How do you know when to harvest garlic bulbs and if they have matured to the right point for harvest?
Each leaf on the above-ground garlic plant represents one potential papery wrapper around the mature bulb. Having well developed, fully intact wrapper layers means that your garlic will store longer and keep its wonderful aroma and flavour. The trick is to let the plants begin to die back, but harvest before all the leaves have turned brown.
The top-most, green leaves extend down, into the soil, into the heart of each garlic bulb. When the lower two thirds of leaves have dried up and turned brown, your garlic bulbs will be at their best. Because there are still green leaves, there is still quite a lot of moisture left in the bulbs. The process of allowing this moisture to reduce naturally is called “curing” and will increase the storage life of your garlic by months.
Harvest your garlic bulbs gently. Take time to loosen the soil above each bulb. Avoid piercing the bulbs you loosening the soil some distance from each one with a fork. Do not rely on simply pulling upwards on the stem, but rather pull gently and at the same time coax the bulb out of the soil with the other hand. All this fuss will be worth it if you can extract your garlic without damaging the protective layers.
Once your bulbs are dug, lay the plants in a single layer somewhere that is dry, airy, and out of direct sunshine. Leave the plants (turning them every few days doesn’t hurt) like this for at least a week. You want the green leaves to dry up and turn brown on their own. This can take several weeks if a lot of moisture is present in the plants’ tissues, so play it by ear.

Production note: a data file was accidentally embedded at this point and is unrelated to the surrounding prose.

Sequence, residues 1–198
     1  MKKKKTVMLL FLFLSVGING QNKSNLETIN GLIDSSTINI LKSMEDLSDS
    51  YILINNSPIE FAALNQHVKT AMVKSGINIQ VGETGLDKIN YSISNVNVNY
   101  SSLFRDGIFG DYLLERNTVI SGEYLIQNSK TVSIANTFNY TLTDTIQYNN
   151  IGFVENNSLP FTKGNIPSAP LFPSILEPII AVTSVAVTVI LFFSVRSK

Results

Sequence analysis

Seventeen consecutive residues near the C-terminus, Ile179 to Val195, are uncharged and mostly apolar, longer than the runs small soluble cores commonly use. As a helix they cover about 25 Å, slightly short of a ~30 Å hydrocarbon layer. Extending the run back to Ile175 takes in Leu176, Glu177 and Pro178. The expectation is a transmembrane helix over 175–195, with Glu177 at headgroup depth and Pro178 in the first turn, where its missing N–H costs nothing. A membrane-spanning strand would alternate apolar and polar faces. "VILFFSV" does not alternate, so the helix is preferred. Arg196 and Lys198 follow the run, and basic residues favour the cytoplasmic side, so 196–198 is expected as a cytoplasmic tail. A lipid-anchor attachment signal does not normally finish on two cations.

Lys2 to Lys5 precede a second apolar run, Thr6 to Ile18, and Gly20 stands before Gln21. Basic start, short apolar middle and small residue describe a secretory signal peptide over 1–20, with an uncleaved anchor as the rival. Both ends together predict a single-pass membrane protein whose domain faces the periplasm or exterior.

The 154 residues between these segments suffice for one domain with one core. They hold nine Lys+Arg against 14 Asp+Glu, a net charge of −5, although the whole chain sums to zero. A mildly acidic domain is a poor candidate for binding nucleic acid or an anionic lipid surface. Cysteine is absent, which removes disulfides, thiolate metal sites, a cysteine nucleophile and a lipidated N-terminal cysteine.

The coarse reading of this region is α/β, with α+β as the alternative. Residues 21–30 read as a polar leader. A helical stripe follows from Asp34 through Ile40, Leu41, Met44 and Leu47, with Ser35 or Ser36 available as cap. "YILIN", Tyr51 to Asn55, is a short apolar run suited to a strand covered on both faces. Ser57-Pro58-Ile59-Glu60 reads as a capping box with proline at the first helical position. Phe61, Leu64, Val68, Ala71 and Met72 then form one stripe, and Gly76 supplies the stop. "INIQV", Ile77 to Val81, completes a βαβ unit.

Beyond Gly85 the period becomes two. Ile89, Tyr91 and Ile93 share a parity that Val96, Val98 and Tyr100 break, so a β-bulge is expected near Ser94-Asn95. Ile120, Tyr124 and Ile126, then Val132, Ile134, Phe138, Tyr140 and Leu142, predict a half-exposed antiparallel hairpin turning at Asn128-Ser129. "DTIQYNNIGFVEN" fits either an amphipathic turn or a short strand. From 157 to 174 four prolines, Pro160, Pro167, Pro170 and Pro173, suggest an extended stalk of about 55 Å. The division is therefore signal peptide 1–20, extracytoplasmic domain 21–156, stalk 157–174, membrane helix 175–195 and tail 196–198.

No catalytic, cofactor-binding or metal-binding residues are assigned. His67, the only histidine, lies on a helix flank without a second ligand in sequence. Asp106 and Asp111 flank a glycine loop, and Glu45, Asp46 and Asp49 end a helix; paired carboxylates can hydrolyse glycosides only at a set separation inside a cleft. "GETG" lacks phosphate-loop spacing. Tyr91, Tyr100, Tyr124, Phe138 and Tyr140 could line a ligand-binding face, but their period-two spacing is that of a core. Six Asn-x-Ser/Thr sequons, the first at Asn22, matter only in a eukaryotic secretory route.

When the bulbs are cured, and no green is left showing on the upper leaves, the garlic will be ready for cleaning and storage. We prefer using a toothbrush to loosen and scrub away any soil still stuck to the bulbs, and trim the roots with scissors. This is the time to braid soft-neck garlic. For hard-neck garlic, trim the stem to within about three inches from the bulb. If you notice that the stem is pliant or seems to still have a moist core, it’s worth letting the garlic dry for another week. Garlic netting is the best way to store hardneck garlic bulbs, but they can also be tied in small bundles and hung for easy access in the kitchen.
Save your biggest, best looking bulbs for planting in September – or choose some new garlic varieties. Either way, plant lots of garlic. It’s one of the most economical garden crops.